Yvette Cooper’s daughter, Ellie, has shared a tweet that explains how she literally fears for her mum’s life amid the Brexit chaos. And it’s a chilling but essential read.
It’s time to stop using inflammatory language in conversations around brexit, which is currently dividing the country and inciting hate – especially against female politicians.
This is the message that MPs, political commentators and many, many members of the voting public are sending to Boris Johnson, after he failed to accept the violence that such rhetoric can lead to.
On Wednesday, the Prime Minister was reminded of how extremist Brexit talk led to the murder of MP Jo Cox in 2016.
Labour MP Paula Sheriff also told Johnson about the abuse and hatred that female politicians still face everyday. But his reply was simple: “Humbug”. He also said that what would honour Jo’s death is if we “get Brexit done”.
Jess Phillips is just one of the members of parliament who has shown her disappointment in the comments. Phillips explained in an interview that Johnson’s words have been used against her in death threats. She also gave a powerful statement in the House of Commons on Thursday, saying:
“The people opposite me know how appalling it was to describe the murder of my friend as mere humbug.”
“I want to ask the Prime Minister to apologise and to tell him that the bravest, strongest thing to say is sorry. It will make him look good. It will not upset the people who want Brexit in this country if he acts for once like a statesman.”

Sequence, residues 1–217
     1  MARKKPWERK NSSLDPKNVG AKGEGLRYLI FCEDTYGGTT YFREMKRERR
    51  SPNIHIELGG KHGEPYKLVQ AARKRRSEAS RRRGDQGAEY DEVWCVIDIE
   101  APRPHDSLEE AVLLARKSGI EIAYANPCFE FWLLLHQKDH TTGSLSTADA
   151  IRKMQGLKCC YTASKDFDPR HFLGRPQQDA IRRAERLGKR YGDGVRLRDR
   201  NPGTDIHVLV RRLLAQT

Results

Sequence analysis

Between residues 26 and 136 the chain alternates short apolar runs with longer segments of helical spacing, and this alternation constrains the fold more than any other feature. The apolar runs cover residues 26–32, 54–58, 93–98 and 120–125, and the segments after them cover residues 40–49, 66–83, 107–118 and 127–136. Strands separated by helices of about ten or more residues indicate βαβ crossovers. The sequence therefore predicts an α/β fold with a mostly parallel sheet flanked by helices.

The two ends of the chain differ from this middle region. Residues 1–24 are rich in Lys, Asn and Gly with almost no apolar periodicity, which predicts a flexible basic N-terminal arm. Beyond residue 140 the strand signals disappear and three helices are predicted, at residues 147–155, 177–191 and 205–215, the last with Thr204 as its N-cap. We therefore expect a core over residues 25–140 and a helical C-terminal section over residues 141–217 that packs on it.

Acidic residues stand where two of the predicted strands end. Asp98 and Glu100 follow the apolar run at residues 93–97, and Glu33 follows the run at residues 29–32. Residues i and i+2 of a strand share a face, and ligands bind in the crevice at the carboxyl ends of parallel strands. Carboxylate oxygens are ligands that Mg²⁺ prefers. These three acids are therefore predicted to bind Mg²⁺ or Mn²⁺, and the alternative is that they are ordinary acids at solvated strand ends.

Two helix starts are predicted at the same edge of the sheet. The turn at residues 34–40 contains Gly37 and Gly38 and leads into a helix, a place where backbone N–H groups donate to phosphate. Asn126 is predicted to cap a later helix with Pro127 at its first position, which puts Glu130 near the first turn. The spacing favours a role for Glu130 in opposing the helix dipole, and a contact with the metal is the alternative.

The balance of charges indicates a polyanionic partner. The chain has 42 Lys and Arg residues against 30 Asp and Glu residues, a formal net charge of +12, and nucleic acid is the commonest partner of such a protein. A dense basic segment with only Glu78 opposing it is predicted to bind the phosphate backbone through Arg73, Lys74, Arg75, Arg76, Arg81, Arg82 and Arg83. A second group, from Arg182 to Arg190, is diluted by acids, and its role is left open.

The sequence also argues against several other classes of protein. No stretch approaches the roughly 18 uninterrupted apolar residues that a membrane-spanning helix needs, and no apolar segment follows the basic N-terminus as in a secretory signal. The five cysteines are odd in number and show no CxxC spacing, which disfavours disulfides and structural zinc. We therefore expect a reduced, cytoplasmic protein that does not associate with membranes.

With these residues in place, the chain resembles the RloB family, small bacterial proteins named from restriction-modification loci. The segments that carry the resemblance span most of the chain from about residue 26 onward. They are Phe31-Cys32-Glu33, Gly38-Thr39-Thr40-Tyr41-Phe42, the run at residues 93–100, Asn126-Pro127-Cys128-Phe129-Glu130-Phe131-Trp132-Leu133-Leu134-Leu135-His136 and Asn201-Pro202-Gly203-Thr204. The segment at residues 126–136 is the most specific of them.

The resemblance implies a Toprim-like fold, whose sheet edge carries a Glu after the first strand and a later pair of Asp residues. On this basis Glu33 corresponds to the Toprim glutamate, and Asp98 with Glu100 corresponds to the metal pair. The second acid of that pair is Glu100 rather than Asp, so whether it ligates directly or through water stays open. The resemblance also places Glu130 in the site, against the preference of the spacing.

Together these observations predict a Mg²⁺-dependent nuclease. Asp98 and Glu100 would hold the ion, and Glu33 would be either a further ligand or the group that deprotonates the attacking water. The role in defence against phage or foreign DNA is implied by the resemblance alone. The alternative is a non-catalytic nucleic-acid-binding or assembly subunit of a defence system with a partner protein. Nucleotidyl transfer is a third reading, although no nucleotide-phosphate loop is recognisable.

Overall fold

She then called for calm when people tried to object.
Hours later, it was announced that a man who tried to break into her constituency office in Birmingham had been arrested.
This week has brought the realities of what being a female MP throughout the Brexit chaos over the last three years has really been like. Women are literally fearing for their lives.
And now, the teenage daughter of Labour MP Yvette Cooper has shared her experiences of what being the daughter of a female MP has been like.
Breaking her silence on Twitter, Cooper said she could no longer keep quiet about what she and her family have experienced.
She detailed how their house was fitted with panic buttons and recalls the moment everything changed when she found out about Cox’s murder.
Here is her thread in full:
The urgency of the message about changing the language used around Brexit was echoed by the 30,000 who have liked the initial post.
We’ll be waiting to see if Johnson answers Phillips’ call for an apology.
Because, as Cooper so poignantly says: “This rising of hatred is costing people their lives.”
Images: Getty, Jo Cox Foundation